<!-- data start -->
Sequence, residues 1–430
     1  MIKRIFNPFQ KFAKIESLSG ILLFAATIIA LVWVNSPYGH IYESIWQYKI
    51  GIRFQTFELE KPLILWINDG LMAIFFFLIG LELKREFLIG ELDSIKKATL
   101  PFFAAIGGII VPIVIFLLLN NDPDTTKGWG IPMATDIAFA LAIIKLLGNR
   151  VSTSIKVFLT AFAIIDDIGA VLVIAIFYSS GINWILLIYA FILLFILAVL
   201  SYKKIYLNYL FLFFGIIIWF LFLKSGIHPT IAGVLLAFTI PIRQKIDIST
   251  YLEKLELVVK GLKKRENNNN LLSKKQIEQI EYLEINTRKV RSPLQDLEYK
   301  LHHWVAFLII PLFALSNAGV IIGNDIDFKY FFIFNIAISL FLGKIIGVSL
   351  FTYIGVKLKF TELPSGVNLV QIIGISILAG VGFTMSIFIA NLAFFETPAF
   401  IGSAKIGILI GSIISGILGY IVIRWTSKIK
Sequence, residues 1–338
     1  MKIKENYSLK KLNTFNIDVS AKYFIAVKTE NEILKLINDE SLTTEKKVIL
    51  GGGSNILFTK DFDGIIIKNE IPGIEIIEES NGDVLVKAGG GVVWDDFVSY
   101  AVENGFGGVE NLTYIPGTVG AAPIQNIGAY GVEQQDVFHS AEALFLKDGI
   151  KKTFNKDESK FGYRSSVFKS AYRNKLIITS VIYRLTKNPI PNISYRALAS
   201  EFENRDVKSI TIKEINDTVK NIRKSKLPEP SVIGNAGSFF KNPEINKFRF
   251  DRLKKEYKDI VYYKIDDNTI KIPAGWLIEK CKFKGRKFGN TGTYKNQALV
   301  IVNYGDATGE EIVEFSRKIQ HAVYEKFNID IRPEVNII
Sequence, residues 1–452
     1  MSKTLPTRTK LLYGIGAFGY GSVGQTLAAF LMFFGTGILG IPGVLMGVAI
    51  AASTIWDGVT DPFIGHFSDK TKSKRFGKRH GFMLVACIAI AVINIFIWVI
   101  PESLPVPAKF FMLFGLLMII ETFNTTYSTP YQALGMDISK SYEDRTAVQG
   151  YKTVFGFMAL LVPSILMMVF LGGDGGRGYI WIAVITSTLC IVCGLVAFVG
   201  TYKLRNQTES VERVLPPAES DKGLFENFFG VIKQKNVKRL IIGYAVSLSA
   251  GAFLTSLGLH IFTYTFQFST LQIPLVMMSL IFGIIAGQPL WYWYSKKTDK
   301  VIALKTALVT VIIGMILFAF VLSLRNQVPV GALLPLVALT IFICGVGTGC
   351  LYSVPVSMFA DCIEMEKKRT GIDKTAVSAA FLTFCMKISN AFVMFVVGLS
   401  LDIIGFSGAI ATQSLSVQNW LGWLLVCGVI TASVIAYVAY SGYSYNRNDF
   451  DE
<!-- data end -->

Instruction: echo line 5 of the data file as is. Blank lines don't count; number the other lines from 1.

   151  VSTSIKVFLT AFAIIDDIGA VLVIAIFYSS GINWILLIYA FILLFILAVL